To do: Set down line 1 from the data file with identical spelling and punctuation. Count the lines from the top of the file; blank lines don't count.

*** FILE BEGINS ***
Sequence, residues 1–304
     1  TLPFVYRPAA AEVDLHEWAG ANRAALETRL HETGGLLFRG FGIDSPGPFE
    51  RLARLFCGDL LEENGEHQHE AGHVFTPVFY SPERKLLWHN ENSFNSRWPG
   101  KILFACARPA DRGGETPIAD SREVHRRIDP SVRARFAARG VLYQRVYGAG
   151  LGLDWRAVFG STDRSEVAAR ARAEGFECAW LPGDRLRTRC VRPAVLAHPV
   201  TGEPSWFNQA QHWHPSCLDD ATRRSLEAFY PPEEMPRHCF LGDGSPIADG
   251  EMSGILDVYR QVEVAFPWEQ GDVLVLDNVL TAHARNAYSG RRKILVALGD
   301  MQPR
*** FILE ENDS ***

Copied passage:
Sequence, residues 1–304